Thursday, May 12, 2011

Black Market Penicillin During World War II: “The Third Man”

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Penicillin was used by US and British military during WWII and saved a lot of soldier’s lives from infected wounds and contagious illness [i.e., pneumonia and venereal disease]. People outside of the military relied on black market penicillin.  Since it was not regulated, the use varied and many uses were questionable [i.e., taken prophylactively to prevent disease in sex workers and their customers]. In addition, as Graham Greene portrays in his novella “The Third Man”, the medication was either diluted down with colored water or the powder penicillin was diluted with sand. Many people died due to ether ineffectiveness of therapy or side effects of dirty diluents


In the novella, Rollo Martins learns his friend Harry Lime [thought to be dead] was trafficking black market penicillin:
POLICE INVESTIGATOR:  “…Stage three was when the organizers decided that the profits were not large enough.  Penicillin would not always be impossible to obtain legitimately; they wanted more money and quicker money while the going was good. They began to dilute…You can be immunized from the effects of penicillin…A number of children simply died, and a number went off their heads. You can see them now in the mental ward…”

This quote brings up a number of contemporary issues:  be wary of non-regulated medications, overuse or inappropriate use of an antibiotic can lead to resistance, antibiotics don’t immunize—vaccines do, and children with meningitis—whether they receive proper medication or not--can suffer severe sequelae. Later posts will take these issues further, but adaptation of organisms and their resistance to antimicrobials is alluded to by the police investigator when he mentions “You can be immunized from the effects of penicillin.” When organisms are exposed to repeated amounts of an antibiotic, if not killed, they adapt and become less susceptible; they can appear immune.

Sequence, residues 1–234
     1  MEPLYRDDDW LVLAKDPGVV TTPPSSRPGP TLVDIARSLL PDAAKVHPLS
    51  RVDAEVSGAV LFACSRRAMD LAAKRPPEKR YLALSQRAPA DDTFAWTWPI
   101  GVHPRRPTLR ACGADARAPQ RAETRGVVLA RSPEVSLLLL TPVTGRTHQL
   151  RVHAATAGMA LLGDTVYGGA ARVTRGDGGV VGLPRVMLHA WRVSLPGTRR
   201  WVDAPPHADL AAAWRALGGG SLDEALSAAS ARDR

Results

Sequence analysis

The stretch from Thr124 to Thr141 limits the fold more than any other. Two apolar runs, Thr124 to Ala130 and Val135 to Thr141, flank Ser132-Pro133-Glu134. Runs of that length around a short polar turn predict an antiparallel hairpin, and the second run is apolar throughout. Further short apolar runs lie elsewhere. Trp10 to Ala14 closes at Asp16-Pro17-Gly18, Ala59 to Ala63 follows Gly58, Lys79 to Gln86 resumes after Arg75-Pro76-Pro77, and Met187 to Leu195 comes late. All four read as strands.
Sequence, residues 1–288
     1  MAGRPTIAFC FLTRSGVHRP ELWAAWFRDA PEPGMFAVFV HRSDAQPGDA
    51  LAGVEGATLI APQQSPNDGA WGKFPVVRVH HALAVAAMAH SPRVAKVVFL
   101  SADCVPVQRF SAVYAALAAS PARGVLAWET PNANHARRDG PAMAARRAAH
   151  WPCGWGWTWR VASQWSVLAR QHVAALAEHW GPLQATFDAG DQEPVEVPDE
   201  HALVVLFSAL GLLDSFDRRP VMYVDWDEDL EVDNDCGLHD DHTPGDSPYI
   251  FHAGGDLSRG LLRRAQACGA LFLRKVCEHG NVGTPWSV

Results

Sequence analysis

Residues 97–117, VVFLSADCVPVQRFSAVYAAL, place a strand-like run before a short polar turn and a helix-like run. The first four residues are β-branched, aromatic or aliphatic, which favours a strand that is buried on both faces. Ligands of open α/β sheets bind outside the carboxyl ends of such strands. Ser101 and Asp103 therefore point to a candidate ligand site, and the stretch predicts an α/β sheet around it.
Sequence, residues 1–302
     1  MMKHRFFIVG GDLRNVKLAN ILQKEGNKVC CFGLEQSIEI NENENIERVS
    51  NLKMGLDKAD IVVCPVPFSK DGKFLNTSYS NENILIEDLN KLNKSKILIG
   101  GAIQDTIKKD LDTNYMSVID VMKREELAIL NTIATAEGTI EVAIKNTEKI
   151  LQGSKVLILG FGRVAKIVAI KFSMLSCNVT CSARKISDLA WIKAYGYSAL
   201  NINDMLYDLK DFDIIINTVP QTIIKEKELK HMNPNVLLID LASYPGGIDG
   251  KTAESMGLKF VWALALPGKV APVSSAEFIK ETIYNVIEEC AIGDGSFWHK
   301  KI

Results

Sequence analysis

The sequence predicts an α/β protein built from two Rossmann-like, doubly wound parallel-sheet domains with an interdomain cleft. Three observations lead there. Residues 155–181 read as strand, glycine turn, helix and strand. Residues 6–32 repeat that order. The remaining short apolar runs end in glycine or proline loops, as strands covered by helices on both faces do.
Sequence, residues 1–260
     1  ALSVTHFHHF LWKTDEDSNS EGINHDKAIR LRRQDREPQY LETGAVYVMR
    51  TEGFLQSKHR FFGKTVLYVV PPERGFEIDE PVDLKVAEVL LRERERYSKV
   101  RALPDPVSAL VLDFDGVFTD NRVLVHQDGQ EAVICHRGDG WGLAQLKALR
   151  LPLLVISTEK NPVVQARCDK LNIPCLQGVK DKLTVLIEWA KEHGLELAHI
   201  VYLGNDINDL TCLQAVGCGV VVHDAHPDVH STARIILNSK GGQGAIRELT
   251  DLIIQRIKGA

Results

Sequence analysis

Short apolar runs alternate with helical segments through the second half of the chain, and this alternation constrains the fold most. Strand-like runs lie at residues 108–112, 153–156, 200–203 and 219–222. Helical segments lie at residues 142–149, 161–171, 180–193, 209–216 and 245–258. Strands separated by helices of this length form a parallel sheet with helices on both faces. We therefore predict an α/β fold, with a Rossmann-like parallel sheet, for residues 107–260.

Around the time when Alexander Fleming discovered penicillin in 1928 he knew that resistance in Staphylococcus existed, and warned that resistant organisms may become a problem. They did, and a lot of organisms, pneumococcus included, developed resistance. Resistance didn’t take long to develop in many organisms, and is the reason why penicillin has very few legitimate uses today.  Newer antibiotics are becoming less useful with time—due to unnecessary and unregulated use, but also because these organisms adapt.  Much like the black marketeers, they are survivors—they profit in gaps or niches they see for themselves. 

3 comments:

  1. now that sounds like a fascinating read! Antiobiotic resistance is such an issue and yet still seems to be far too often overlooked...

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  2. It is funny how the history repeats today again. Black market profits from a lot of drugs sometimes helping and sometimes damaging.

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  3. Thanks for serving this information, we know the importance of "inventing Penicillin".

    ReplyDelete

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